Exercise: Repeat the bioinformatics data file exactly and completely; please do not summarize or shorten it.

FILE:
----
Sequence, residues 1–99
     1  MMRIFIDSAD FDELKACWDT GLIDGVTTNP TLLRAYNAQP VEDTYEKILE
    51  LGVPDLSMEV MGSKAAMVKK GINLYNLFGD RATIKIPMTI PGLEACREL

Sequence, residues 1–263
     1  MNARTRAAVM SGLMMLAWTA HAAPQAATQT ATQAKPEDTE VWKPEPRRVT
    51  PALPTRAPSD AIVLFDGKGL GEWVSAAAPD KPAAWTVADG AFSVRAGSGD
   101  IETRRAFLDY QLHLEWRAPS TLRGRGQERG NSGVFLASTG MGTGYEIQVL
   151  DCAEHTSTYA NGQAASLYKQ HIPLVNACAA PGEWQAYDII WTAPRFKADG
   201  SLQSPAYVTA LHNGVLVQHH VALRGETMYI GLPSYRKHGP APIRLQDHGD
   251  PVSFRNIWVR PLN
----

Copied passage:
Sequence, residues 1–99
     1  MMRIFIDSAD FDELKACWDT GLIDGVTTNP TLLRAYNAQP VEDTYEKILE
    51  LGVPDLSMEV MGSKAAMVKK GINLYNLFGD RATIKIPMTI PGLEACREL

Sequence, residues 1–263
     1  MNARTRAAVM SGLMMLAWTA HAAPQAATQT ATQAKPEDTE VWKPEPRRVT
    51  PALPTRAPSD AIVLFDGKGL GEWVSAAAPD KPAAWTVADG AFSVRAGSGD
   101  IETRRAFLDY QLHLEWRAPS TLRGRGQERG NSGVFLASTG MGTGYEIQVL
   151  DCAEHTSTYA NGQAASLYKQ HIPLVNACAA PGEWQAYDII WTAPRFKADG
   201  SLQSPAYVTA LHNGVLVQHH VALRGETMYI GLPSYRKHGP APIRLQDHGD
   251  PVSFRNIWVR PLN